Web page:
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Choosing between power and simplicity isn't an either-or proposition. The latest versions of iPhoto and Aperture now share a common photo library format, which means you can store all your photos in one central library, and then switch between the two apps as needed: use iPhoto for its simplicity and great sharing options, and Aperture for its powerful organization, image editing, and publishing features.
In this course, photographer, author, and teacher Derrick Story shows key strategies for employing both iPhoto and Aperture in a digital photography workflow. The course begins with a look at the unified photo library format and managing your library with both applications.
Next, the course examines the professional-level image editing features in Aperture and details strategies for sharing photos through slideshows and print projects, guiding you to the best application for the job at hand. It concludes with lessons on exporting photos using Aperture, managing an iCloud Photo Stream, and backing up your library.
I want to give you a quick overview of the slideshow functionality in both iPhoto and Aperture. They are both quite good as you can imagine. One is a little simpler than the other and that would be iPhoto. The way that you make a slideshow in iPhoto -- we're not going to walk through all the stuff, but I want to give you a feel for it. I'm going to hit Command+A to select all of the slides. You go down to the Create button and there are slideshow right at the bottom there and it puts you right in slideshow mode right here.
Now, you can play it right now. We could hit the Play button and off we go and you could be done and actually it would look quite good. Here is your Play button right here, but you do have some options. And those options are located right down here. You have themes to choose from, you can add music, and you have settings for the entire slideshow and for individual slides.
So, very straightforward, very clean, very easy to use, and you know what? Very effective also, so that's the slideshow view here in iPhoto. Let's hop over to Aperture and let me give you a peak at that. So, go ahead and quit iPhoto here and I'm going to right-click on this library. We're going to open with Aperture. Now it's telling us, it's giving us a warning about the slideshow that we created in iPhoto. And one of the rules for this game is that slideshows that you create in iPhoto's stay in iPhoto.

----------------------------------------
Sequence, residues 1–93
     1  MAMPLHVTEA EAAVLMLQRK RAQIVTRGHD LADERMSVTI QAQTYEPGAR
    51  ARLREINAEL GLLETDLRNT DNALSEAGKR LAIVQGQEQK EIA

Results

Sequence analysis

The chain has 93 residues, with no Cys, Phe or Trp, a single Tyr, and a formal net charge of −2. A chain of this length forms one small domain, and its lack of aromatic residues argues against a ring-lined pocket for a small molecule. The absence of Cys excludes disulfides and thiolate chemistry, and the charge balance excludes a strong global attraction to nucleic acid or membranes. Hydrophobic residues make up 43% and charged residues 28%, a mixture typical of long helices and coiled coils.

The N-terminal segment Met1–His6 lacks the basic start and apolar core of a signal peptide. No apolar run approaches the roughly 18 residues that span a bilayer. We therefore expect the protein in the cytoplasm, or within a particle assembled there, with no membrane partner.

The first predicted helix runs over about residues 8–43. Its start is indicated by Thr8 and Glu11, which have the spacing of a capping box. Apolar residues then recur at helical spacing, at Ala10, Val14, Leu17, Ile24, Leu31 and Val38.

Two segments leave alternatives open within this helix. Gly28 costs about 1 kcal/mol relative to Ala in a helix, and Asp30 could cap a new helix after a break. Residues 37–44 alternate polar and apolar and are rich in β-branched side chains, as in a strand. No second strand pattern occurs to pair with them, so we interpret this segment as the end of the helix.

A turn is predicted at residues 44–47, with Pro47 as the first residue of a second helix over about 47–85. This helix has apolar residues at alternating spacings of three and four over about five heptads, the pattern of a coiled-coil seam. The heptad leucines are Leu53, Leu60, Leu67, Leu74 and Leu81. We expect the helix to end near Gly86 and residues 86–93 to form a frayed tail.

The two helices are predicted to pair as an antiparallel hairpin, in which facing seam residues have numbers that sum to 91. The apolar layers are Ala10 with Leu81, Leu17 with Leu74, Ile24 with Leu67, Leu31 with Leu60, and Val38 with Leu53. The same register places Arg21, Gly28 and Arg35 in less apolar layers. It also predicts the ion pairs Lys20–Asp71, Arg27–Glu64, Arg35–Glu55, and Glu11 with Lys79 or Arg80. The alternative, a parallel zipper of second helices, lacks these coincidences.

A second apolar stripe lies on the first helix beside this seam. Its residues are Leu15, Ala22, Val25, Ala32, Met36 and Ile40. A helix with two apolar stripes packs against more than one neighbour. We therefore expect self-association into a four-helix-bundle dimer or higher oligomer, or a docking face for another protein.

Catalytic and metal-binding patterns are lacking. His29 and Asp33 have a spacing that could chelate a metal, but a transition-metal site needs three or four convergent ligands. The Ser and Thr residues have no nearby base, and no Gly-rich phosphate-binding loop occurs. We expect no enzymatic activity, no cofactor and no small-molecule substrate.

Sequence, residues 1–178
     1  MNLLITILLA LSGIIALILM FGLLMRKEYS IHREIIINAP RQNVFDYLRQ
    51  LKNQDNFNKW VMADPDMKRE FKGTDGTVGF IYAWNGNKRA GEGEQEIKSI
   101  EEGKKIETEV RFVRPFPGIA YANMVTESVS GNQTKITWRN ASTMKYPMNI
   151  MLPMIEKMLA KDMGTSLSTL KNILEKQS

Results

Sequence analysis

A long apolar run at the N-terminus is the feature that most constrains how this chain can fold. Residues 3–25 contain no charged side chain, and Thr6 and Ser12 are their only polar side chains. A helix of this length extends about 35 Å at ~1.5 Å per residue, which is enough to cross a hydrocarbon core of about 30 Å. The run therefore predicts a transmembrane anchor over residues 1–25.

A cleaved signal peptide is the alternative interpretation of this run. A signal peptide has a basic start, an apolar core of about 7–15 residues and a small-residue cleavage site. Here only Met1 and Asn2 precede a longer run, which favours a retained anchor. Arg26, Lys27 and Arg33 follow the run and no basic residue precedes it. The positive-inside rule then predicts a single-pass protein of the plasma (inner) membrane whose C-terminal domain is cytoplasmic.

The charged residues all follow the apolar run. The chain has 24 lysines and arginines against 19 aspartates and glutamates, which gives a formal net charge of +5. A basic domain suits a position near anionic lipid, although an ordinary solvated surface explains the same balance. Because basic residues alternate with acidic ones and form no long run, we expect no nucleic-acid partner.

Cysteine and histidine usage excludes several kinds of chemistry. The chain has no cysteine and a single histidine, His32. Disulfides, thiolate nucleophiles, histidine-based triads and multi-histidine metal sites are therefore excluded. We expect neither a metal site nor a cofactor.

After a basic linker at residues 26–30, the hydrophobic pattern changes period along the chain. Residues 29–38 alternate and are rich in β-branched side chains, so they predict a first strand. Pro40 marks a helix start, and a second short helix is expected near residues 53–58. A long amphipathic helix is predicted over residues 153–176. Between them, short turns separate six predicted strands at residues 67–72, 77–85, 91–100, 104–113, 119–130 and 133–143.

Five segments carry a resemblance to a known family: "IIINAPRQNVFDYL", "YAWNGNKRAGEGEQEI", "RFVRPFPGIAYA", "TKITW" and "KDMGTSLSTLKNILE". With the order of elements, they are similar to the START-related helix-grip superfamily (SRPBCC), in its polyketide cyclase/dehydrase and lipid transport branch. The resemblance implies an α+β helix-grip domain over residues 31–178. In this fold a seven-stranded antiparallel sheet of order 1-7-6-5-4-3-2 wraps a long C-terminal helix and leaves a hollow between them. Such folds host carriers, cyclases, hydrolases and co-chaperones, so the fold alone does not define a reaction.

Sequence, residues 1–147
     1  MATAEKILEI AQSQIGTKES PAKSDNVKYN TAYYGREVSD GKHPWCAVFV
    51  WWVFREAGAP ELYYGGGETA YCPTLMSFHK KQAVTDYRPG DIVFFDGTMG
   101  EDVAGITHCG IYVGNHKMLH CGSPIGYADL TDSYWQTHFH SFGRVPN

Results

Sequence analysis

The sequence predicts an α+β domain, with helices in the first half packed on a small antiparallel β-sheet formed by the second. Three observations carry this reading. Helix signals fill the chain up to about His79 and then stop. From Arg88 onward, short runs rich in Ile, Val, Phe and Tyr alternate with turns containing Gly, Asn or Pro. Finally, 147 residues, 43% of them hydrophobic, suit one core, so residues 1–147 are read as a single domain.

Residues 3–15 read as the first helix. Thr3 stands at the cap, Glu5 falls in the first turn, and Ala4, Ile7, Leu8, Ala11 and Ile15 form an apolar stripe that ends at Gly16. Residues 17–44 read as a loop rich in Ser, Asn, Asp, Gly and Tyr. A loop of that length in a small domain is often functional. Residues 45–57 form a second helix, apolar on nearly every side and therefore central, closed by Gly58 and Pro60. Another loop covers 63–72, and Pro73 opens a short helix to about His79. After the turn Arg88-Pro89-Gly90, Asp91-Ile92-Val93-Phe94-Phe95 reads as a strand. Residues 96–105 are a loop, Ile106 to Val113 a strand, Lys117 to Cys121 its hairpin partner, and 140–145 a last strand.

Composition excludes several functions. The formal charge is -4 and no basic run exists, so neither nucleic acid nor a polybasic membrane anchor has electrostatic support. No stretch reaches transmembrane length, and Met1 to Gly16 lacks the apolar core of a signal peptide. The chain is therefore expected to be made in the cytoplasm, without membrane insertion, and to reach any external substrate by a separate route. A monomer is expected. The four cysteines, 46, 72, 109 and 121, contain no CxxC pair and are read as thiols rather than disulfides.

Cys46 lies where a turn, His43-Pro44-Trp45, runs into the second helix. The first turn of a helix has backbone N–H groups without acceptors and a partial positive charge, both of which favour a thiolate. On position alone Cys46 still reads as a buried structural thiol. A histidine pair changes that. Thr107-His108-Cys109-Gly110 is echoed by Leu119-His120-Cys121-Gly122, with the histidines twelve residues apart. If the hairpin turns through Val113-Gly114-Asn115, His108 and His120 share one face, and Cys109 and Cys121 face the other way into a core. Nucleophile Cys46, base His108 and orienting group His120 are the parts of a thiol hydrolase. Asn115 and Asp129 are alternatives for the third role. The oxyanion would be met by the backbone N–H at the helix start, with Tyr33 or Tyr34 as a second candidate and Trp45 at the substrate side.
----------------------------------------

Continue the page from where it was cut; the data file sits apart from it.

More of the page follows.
In terms of editing, you can play them in either and slideshows that you create in Aperture such as this one here, they stay in Aperture in terms of editing. But you can view them in iPhoto. They like to remind you that you can turn off the warning. I leave it on because it helps me know where the content was originated. Now here, we have a little different interface but a lot of the same settings. For the slideshow itself, here is your default settings. Very similar to what we saw in iPhoto, just presented a little differently.
And you can work on selected slides. Then, you go down here, and you have your music and you can add music from your iTunes library and there's theme and sample music included. And then over here, you have some extra controls. And I think this is where you start to see the difference between Aperture and iPhoto in terms of how you can manage text slides that you can fit slides to the main audio track. You can align slides to the beats.
We can adjust audio if we click on the audio track here and go here. You have specific audio adjustments to fade in and out. You can have multiple audio tracks instead of just one. So, you get a little bit more oomph, a little bit more film making ability in Aperture. Both are great. I'm going to walk you through in the next couple of movies A little bit more detail about each of them so that you can pick the right application for the type of slideshow that you want to make.
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